I write regarding the situation that has arisen surrounding the former Odeon Cinema building in Bradford City Centre. I suspect that you might have visited this venue during your time studying at Bradford Technical College, an institute of which I am also an alumnus in its later incarnation as Bradford College.
For the avoidance of doubt, the building at risk about which I write is not the ‘original’ Bradford Odeon which was located in Manchester Road and has long since been demolished, but rather the former New Victoria/Gaumont Picture House in Prince’s Way, less than half a mile from the College.
Following the cinema’s closure in 2000 the freehold to the building was purchased by Regional Development Agency Yorkshire Forward. It is the last remaining example of an art deco 1930s super cinema in the country, was the largest cinema outside the capital at the time of its construction, and is located in the newly crowned UNESCO City of Film, the first ever city to receive this accolade.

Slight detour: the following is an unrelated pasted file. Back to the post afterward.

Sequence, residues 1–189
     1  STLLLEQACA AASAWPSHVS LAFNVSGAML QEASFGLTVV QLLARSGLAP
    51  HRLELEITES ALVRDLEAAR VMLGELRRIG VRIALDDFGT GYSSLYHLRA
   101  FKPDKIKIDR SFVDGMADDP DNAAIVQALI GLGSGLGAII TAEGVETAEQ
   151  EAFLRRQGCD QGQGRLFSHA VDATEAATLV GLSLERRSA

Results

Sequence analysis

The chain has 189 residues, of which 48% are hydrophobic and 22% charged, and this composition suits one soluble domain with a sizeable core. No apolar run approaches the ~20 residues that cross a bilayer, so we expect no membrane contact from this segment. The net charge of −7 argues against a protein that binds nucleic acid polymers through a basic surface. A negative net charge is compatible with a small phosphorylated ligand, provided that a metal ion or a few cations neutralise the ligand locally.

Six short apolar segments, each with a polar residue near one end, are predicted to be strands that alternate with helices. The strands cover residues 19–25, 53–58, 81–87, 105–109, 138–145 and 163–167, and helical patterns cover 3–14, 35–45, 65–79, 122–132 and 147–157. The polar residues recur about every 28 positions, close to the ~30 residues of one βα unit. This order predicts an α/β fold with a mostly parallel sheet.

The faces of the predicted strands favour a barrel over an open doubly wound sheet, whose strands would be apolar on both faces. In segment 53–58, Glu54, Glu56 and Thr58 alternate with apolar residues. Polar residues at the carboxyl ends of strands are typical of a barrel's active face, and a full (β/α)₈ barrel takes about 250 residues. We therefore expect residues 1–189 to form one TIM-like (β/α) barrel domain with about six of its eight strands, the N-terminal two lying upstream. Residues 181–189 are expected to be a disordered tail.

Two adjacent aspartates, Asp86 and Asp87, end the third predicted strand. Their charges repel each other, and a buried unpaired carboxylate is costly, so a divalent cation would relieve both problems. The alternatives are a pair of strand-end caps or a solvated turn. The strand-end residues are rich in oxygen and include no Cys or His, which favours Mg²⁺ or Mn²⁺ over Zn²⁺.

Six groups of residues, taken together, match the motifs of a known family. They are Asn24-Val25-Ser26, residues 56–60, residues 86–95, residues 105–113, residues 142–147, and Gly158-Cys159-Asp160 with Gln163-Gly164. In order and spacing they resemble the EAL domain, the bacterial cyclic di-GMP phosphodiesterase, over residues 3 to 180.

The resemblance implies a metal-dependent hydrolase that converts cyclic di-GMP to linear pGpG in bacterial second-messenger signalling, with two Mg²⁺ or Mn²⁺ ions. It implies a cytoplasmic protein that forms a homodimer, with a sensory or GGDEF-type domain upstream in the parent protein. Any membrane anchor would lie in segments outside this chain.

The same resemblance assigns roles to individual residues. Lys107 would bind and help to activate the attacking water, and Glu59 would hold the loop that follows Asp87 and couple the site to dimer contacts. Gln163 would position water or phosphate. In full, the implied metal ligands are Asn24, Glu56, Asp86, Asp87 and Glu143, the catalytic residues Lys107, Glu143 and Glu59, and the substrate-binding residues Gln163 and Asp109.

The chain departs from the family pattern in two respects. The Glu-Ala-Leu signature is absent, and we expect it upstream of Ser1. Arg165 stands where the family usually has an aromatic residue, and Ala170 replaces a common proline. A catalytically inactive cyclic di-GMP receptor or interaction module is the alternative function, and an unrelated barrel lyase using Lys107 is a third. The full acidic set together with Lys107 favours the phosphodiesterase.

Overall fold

Since procuring this historically important landmark building, Yorkshire Forward have failed to maintain it in any way, including their refusal to repair a burst water pipe inside the building causing undue saturation. They have also vandalised the external canopies to the building’s two towers, claiming that the cantilever steelwork was excessively corroded and thus structurally unsound, posing a fall hazard. This offending steelwork took specialist demolition contractors several days to cut through, which is testament to the quality of the build (and steel!) of this iconic building, despite its recent neglect.